Morisset created pyCloudy. This allows you to
- Define and write input file(s) for Cloudy code. As you can have it in a code, you may generate automatically sets of input files, changing parameters from one to the other.
- Read the Cloudy output files and play with the data: you will be able to plot line emissivity ratio vs. the radius of the nebula, the electron temperature, or any Cloudy output.
- Build pseudo-3D models, a la Cloudy_3D. This means: run a set of models, changing parameters (e.g. inner radius, density) following angular laws, read the outputs of the set of models and interpolate the results (Te, ne, line emissivities) in a 3D cube.
They have a discussion forum to answer questions.
Morisset and Stasinska created Cloudy 3D.
This uses IDL scripts to drive Cloudy as a subprogram and create simulations of complex geometries.
Nebular emission is included in the Flexible Stellar Population Synthesis (FSPS; Conroy+2009) code using Cloudy (v13.03). The nebular model is described in Byler+2017 which predicts nebular line and continuum emission for complex stellar populations. The model was generated using the code cloudyFSPS, which is available at http://nell-byler.github.io/cloudyfsps/. Users can (a) download the pre-computed FSPS SSP ascii tables and (b) find usage examples for how to use FSPS to generate SEDs for complex stellar populations that include nebular line and continuum emission. More generally, users can also (c) use cloudyFSPS to generate their own ascii tables for use within Cloudy, and format the output for use within FSPS.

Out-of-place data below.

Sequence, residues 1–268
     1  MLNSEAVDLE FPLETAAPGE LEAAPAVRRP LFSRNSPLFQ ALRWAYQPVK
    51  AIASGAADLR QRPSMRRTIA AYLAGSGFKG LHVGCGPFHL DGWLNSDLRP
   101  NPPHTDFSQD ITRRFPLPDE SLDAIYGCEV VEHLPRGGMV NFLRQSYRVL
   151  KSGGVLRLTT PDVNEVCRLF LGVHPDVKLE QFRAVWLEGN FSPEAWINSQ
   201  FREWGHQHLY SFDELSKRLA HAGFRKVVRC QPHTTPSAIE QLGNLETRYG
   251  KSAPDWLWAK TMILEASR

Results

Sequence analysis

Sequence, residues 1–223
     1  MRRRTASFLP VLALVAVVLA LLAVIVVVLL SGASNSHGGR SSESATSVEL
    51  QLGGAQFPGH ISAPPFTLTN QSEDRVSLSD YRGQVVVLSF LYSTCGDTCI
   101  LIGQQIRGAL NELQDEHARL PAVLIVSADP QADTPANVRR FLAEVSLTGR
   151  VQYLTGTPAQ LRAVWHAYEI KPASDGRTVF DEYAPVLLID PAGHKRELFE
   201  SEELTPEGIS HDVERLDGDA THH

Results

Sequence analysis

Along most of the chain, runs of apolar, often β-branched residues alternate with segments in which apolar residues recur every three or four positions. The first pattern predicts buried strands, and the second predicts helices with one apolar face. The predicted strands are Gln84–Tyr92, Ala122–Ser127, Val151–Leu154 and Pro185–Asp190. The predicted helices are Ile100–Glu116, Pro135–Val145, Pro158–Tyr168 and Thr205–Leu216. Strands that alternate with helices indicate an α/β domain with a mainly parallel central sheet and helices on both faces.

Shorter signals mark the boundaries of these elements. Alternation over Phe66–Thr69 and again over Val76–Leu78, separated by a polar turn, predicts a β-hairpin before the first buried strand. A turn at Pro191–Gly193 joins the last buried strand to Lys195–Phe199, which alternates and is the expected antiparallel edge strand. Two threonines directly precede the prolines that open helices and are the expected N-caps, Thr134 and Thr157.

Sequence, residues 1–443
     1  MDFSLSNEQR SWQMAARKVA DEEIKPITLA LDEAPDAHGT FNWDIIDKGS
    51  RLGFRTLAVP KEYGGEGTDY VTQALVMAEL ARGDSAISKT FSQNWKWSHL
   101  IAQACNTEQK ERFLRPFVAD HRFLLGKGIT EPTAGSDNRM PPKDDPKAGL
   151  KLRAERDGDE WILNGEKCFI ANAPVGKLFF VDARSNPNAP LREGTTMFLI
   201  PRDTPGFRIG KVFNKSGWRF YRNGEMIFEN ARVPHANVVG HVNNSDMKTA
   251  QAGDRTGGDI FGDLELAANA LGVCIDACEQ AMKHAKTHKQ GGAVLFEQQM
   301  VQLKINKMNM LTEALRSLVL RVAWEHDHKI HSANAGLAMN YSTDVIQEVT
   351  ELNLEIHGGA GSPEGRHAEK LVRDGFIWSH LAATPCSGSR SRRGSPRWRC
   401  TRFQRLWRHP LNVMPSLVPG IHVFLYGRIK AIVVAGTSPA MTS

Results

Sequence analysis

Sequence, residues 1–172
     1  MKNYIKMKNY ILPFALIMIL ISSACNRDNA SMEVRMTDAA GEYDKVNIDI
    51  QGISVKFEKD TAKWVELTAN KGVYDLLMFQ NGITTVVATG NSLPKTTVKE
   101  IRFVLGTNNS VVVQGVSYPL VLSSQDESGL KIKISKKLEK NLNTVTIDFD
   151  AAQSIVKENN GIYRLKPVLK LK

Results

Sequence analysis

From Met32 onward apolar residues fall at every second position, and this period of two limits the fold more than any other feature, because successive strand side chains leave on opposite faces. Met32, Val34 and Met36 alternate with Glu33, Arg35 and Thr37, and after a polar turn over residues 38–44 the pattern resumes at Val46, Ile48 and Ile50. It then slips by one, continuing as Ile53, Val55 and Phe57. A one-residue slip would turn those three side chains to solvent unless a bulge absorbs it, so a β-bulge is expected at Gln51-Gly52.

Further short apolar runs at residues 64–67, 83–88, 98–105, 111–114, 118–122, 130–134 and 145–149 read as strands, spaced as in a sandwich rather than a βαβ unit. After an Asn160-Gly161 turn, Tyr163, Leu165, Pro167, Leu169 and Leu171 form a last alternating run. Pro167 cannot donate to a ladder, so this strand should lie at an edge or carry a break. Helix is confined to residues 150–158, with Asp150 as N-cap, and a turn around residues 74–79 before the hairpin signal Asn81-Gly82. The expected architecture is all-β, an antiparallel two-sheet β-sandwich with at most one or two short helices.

Wang Ye's helper scripts for extracting information related to the gas cooling are given here.
Kyujin Kwak's grids of radiation fields from turbulent mixing layer simulations, suitable for use in the
Return to main page